There are now only thirteen remaining trustees of the Friends group, including Ms. Hallen, Ms. Adler, and Ms. Miller.

One thing that is interesting is that there is a concentration of these trustees that are associated with close-together Monroe Place addresses.  Monroe Place is the one block long Brooklyn Heights street where Ms. Hallen lives.  Ms. Hallen and at least two other trustees live at the same Monroe Place.  At least one other trustee lives on Monroe Place at a Monroe Place address that is just one digit different.  According to public records another of trustee’s phone numbers has been associated with another nearby Monroe Place address.  What makes all of this even more interesting is that Ms. Hallen’s Monroe Place address is almost directly across the street from Monroe Place brownstone townhouse of David G. Offensend. . .
David G. Offensend
. . . David Offensend is a very important figure when it comes to libraries and their selling off.  Mr. Offensend left Wall Street to go to work for New York Public Library in 2004 and, according to NYPL documents and other accounts, is the individual who is perhaps most significantly responsible for the secretive sale-for-shrinkage of Manhattan’s beloved Donnell library, which stood across the street from MOMA.  That sale of that library was suddenly announced to the public in November of 2007.  Mr. Offensend is also significantly responsible for the consolidating shrinkage of the NYPL Central Library Plan pursuant to which, if library and city officials have their way, will involve the irreversible demolition of the 42nd Street Central Reference Library’s famed research stacks before Mayor Bloomberg leaves office.  The proposed sale-for-shrinkage of the Brooklyn Heights library almost exactly replicates the sale-for-shrinkage of Donnell (where a 50-story luxury hotel and condominium residence building is now under construction) even though that transaction is much reviled by the public.
Two slides, top and bottom, from NYPL March 2008 staff briefing on new NYPL real estate strategies.  Note Dave Offensend mention for October 2007 and asterisks about what was not previously disclosed to staff.
Mr. Offensend is also a former president of the Brooklyn Heights Association. Talking about the  shock that the Brooklyn Heights Association is not taking a stand against the sale and shrinkage of the Brooklyn Heights library is where we began.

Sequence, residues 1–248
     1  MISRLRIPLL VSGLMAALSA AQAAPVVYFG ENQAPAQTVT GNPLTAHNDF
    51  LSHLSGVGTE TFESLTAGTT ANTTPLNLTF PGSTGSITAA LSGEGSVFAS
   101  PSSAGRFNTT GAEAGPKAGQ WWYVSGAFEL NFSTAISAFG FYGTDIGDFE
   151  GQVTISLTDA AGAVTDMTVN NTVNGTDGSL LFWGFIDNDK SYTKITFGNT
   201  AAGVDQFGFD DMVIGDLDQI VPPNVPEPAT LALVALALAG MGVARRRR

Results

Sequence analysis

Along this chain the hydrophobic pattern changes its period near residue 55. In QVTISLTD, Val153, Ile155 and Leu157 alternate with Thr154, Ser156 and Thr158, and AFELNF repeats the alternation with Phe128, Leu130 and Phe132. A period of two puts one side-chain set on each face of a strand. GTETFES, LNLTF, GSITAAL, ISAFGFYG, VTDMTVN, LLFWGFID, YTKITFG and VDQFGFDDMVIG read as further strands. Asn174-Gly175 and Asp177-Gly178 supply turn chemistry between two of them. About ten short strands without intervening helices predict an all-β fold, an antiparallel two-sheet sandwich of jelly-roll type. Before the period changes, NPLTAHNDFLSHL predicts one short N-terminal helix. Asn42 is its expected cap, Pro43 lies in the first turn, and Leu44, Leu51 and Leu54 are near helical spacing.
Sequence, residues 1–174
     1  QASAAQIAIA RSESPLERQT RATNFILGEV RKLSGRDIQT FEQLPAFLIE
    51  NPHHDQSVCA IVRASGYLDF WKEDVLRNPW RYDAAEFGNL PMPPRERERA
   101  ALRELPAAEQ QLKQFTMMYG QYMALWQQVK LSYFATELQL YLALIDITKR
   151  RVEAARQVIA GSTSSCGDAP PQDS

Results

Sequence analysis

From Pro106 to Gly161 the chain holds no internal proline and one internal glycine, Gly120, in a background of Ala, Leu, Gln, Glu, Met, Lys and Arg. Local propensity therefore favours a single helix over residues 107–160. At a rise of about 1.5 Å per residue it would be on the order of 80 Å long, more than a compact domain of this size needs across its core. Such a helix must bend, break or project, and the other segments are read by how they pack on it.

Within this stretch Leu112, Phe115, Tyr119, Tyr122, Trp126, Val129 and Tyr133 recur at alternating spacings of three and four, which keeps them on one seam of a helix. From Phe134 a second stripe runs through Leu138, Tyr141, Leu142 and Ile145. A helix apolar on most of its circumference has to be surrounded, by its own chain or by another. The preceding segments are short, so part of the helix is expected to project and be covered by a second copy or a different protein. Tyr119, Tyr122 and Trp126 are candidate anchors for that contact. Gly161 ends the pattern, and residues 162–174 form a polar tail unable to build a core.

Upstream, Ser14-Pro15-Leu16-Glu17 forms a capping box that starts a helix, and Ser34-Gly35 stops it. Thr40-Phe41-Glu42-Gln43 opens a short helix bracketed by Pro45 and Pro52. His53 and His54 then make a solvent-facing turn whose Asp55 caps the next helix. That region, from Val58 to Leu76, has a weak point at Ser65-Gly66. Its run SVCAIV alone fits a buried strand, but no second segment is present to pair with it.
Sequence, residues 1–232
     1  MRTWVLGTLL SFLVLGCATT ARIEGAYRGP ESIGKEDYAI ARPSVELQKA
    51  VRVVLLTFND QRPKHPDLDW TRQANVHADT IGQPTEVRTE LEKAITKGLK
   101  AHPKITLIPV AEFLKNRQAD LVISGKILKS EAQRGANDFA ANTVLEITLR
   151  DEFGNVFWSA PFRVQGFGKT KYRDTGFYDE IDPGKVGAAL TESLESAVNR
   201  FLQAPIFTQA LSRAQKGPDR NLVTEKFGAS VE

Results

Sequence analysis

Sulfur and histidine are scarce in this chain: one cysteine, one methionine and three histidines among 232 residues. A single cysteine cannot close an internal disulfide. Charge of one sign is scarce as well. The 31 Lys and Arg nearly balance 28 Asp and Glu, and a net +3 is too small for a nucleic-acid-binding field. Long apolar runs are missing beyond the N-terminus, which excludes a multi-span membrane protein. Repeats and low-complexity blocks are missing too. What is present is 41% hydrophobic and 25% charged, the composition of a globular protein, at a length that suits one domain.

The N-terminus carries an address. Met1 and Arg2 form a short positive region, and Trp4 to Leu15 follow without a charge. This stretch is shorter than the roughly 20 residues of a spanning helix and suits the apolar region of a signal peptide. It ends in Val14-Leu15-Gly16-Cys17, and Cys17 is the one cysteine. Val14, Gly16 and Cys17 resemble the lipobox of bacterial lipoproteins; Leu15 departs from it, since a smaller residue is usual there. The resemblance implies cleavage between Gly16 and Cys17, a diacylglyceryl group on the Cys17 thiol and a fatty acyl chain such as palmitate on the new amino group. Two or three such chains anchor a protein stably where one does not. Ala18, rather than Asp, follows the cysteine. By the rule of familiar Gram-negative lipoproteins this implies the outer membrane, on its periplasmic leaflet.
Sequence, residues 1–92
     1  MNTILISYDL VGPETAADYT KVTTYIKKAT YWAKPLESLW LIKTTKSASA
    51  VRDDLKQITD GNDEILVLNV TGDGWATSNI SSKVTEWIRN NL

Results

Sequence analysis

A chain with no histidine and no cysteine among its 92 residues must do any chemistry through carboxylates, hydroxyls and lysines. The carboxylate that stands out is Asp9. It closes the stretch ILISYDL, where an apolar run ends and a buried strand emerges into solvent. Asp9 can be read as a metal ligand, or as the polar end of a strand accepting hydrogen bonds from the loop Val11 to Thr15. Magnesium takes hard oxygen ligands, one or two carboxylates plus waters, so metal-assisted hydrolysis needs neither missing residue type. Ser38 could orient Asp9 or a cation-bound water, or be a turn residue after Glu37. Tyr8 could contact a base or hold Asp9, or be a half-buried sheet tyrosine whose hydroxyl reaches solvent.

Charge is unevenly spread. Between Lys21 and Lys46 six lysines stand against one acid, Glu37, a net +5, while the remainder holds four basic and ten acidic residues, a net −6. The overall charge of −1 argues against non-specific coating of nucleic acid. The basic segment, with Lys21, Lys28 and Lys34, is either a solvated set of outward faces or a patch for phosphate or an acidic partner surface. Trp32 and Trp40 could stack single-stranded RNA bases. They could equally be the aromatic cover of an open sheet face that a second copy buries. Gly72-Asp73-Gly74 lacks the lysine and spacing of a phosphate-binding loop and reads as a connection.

Another slide from the March 2008 presentation.  Note the technospeak, "Provide better service to users through fewer service points".

Ms. Hallen has recently been talking about the Friends having a big gala event that will involve a significantly different level of opulence than applied to the organization in all the years of its prior, tidy, simpler existence.  In theory there is money coming for such an event from somewhere, but the originally scheduled spring date for the gala has been postponed and it is now planned for sometime closer to the signing of the contract certain people want to see to transfer the library to a developer before Bloomberg leaves office.

What does all this mean?  It will no doubt become clearer as additional facts are emerge and are sorted out.  Some coincidences in the world are just coincidences but these coincidences should at least cause us to think about things that are worthwhile to think about.  One of the most important to consider: Why, when so many people agree that the Donnell library sale was so disastrously conceived and executed, should we now be replicating that transaction so closely with the rushed sale of the Brooklyn Heights library?   

As stated at the beginning of this post, the Friends of the Library group rag-tagging under the dictatorial Hallen is a very awkward fig leaf for the Brooklyn Heights Association to be hiding behind.  That’s especially true as Ms. Hallen, who seems to be bludgeoning her trustees with misinformation and threats, may not even have succeeded in getting them to vote in favor of her position that they should let the library be sold and shrunk.

Bringing it full circle: Not only is the BHA hiding behind the Friends group, Ms. Hallen is also encouraging the Friends group, in round robin fashion, to think that they can take comfort in their association with the BHA.  Stressing the linakge of the BHA and Friends positions, Hallen writes: “The BHA is a much larger force than we.”  Safety in numbers?: It’s an ironic argument when it comes to this shrinking Friends group.